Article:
Case Overview, Legislation Allowing Off-duty and Retired Police Officers to Carry Firearms Across State Lines

This document provides background information and summarizes the debate over the "Right to Carry." The links to the left will lead you to public documents that we have found.

          Few issues in the Congress are as contentious as guns. The Second Amendment to the Constitution guarantees that "the right of the people to keep and bear arms shall not be infringed." Many regard this right as absolute, believing the government may not regulate their right to own and carry guns. Others believe that the constitutional guarantee was designed to protect state militias and not individuals. Putting aside conflicting constitutional interpretations, some regulation is clearly necessary. Few would argue, for example, that a nine year old should be allowed to walk into a store and purchase a machine gun.

          But where to draw the line between appropriate and inappropriate regulation has led to many bitter disputes between gun enthusiasts on the one side and gun control advocates on the other. This maelstrom made right to carry legislation a real challenge in the 106th Congress. The proposed legislation would have allowed off-duty police officers to carry firearms across state lines. A number of associations representing police officers and other police organizations pushed for this policy for two primary reasons. The first is that some policemen feel they need the protection of their firearm when they travel. As one lobbyist working for the legislation noted, "there have been several incidents of officers targeted by criminals they had arrested or investigated in the past." The second rationale is public safety. The same lobbyist explained, "Officers always feel like they are on duty and they are trained in public safety. If officers and retired officers can carry firearms, then they can help ensure public safety when they encounter lawlessness. This is common sense."

          It may be common sense that there would be a benefit, but there are those that think the right to carry is a bad idea. Some mayors and police chiefs are publicly opposed because they worry about liability. If one of their off-duty officers shoots someone in another jurisdiction, their city or department could be sued. But the principal political opposition came from those concerned either about gun rights or, conversely, gun control. In the 105th Congress the bill was amended to include a provision supported by the National Rifle Association (NRA) that would have extended the right to carry a concealed gun to anyone who is legally entitled to own a firearm. (This provision would have only pertained to states where it is legal to carry a concealed weapon.) The amendment was something of a poison pill, however, as gun control advocates quickly rallied against the broader legislation, now encumbered with this expansion of gun rights.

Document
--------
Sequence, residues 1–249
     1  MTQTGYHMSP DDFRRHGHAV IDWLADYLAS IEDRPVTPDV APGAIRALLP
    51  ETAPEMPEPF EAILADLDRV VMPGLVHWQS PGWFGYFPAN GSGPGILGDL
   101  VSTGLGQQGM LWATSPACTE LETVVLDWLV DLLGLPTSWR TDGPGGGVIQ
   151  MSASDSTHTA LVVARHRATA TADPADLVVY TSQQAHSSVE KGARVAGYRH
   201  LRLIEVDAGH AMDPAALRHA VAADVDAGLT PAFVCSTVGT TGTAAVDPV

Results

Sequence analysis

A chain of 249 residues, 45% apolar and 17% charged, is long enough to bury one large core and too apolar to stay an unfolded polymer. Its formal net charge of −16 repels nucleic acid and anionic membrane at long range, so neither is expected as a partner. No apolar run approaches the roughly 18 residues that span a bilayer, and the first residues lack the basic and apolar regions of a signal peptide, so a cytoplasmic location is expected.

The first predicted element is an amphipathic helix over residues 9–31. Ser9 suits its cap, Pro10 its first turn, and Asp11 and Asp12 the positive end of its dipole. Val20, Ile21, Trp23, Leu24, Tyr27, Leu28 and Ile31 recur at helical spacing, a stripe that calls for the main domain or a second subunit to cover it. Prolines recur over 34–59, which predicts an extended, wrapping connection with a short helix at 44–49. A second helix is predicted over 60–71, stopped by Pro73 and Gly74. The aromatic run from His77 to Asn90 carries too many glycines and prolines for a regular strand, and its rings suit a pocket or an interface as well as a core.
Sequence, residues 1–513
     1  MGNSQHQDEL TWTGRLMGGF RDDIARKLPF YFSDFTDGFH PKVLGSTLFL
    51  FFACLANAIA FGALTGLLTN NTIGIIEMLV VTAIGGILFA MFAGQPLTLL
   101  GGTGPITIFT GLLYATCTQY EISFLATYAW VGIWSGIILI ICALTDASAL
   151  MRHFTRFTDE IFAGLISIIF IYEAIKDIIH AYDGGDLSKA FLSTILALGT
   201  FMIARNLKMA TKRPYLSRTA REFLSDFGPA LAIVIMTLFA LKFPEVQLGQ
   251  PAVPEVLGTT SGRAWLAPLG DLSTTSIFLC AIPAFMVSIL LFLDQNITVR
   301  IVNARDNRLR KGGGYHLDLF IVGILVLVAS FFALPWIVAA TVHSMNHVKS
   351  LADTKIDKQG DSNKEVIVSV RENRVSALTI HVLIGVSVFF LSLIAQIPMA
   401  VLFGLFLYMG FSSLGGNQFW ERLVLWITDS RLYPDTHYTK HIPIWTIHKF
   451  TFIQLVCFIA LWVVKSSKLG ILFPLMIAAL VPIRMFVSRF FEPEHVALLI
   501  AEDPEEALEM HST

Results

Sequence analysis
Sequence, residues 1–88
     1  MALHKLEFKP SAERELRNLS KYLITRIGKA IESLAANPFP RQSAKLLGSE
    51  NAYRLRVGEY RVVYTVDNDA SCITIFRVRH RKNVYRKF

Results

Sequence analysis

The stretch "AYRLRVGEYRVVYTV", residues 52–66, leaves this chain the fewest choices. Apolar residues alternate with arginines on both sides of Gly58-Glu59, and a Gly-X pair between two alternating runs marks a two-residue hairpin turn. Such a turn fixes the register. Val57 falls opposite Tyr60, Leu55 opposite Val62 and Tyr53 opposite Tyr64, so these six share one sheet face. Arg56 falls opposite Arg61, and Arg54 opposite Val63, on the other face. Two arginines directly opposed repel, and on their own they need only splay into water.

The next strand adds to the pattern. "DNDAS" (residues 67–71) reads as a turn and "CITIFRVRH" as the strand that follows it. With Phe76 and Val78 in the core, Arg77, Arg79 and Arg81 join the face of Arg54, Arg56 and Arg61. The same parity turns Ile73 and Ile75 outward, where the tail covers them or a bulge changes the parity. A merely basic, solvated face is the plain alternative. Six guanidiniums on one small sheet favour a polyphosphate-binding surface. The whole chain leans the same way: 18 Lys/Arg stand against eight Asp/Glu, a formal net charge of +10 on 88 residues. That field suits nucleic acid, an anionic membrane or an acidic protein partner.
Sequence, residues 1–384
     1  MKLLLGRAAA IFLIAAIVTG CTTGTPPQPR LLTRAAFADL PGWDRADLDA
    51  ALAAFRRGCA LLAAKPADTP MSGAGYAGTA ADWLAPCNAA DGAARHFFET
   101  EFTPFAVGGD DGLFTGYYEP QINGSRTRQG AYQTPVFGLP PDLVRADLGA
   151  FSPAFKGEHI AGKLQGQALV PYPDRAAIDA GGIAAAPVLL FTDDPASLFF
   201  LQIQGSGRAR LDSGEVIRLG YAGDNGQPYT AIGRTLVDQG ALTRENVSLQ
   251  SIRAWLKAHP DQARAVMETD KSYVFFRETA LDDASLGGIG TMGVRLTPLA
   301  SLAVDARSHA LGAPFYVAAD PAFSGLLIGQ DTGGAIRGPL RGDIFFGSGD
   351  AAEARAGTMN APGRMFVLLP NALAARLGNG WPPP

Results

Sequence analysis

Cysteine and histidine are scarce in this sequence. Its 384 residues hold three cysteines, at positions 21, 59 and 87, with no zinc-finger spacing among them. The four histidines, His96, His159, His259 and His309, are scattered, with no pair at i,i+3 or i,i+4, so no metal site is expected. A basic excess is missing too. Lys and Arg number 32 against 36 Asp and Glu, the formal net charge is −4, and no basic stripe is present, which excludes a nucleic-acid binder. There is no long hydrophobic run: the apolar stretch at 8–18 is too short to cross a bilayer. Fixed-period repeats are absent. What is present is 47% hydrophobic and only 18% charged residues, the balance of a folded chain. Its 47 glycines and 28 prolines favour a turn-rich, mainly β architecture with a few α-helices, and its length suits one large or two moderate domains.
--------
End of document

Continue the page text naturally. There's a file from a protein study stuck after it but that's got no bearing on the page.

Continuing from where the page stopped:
Right to carry legislation was again introduced into the 106th Congress, and in one version supported by some leading police associations, the bill excluded retired officers and was protected by its sponsors from the NRA amendment. The opposition to a policy including retired officers was based on the simple fact that working law enforcement officers receive continuing training in firearms; retired officers receive none.

          This version of right to carry legislation went nowhere and languished in committee in the House. Other versions emerged but one advocate acknowledged at the time of our interview in the summer of 2000, "There's little hope for us in the 106th Congress."

          After 2000, supporters concentrated on a right-to-carry bill for off-duty and retired police officers without the more controversial gun rights amendments. In the 107th Congress, the bill moved a bit farther - it garnered the support of 275 House co-sponsors. However, there was no companion legislation in the Senate, and the House bill failed to get out of committee. Police officer groups finally succeeded in the 108th Congress. A right-to-carry bill for off-duty and retired police officers passed by overwhelming margins in the House and Senate and was signed into law in July of 2004. It seems that in a presidential election year politicians were eager to be seen on the side of law enforcement.